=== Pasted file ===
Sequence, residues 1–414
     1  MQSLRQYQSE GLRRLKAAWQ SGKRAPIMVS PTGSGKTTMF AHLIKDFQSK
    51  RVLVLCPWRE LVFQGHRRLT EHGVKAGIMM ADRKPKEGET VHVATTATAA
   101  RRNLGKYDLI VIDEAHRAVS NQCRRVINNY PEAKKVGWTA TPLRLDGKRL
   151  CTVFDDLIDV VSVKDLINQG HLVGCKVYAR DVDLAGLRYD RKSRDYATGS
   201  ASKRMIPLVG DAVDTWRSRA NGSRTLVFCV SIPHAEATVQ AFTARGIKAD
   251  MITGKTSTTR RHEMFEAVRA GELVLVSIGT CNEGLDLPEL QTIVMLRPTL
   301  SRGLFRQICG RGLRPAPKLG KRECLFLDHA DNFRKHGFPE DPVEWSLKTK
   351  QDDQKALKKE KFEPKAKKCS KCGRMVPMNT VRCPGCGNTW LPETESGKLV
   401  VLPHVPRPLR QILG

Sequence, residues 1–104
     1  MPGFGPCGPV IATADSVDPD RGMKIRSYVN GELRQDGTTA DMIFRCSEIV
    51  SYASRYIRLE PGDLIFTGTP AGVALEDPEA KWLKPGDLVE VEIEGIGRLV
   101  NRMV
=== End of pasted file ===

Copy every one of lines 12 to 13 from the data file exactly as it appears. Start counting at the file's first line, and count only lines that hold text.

     1  MPGFGPCGPV IATADSVDPD RGMKIRSYVN GELRQDGTTA DMIFRCSEIV
    51  SYASRYIRLE PGDLIFTGTP AGVALEDPEA KWLKPGDLVE VEIEGIGRLV